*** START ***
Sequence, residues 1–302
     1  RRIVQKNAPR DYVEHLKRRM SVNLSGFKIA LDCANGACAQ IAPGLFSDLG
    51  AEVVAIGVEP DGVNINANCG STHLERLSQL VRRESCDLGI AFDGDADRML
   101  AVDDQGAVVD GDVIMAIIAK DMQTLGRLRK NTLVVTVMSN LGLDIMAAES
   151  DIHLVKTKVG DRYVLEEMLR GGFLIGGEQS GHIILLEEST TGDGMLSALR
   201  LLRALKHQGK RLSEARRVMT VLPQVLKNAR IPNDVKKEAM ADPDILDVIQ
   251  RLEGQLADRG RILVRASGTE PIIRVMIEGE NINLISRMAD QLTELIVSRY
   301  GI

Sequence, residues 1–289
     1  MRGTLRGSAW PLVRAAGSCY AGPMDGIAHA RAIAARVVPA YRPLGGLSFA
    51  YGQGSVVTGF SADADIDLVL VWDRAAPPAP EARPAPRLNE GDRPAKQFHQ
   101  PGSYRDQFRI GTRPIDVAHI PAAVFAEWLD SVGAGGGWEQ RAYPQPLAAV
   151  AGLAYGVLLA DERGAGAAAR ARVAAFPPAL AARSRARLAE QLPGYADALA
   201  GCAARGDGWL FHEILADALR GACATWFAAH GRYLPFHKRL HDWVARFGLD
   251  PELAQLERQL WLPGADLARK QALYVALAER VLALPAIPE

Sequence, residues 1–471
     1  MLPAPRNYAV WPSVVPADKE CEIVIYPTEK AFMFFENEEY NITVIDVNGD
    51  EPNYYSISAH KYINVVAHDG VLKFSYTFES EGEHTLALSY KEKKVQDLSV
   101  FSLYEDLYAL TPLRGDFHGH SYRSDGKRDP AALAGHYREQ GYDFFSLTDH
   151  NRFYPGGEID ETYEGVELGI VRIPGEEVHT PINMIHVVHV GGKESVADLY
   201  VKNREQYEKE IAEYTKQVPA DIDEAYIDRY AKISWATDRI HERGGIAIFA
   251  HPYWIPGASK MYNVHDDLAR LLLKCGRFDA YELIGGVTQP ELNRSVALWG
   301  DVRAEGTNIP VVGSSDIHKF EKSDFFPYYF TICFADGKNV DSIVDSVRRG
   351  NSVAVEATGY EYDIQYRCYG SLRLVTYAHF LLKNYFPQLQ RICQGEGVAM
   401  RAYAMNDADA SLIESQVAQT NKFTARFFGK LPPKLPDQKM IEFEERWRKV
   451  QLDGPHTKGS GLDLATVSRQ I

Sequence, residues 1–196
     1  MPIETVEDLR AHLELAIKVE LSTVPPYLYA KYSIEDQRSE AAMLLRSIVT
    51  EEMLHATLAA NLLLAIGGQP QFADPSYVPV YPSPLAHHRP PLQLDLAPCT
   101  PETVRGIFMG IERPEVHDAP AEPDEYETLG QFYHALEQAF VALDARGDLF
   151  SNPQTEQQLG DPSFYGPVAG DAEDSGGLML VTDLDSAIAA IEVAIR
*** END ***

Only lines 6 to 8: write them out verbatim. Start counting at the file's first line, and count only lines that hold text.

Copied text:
   201  LLRALKHQGK RLSEARRVMT VLPQVLKNAR IPNDVKKEAM ADPDILDVIQ
   251  RLEGQLADRG RILVRASGTE PIIRVMIEGE NINLISRMAD QLTELIVSRY
   301  GI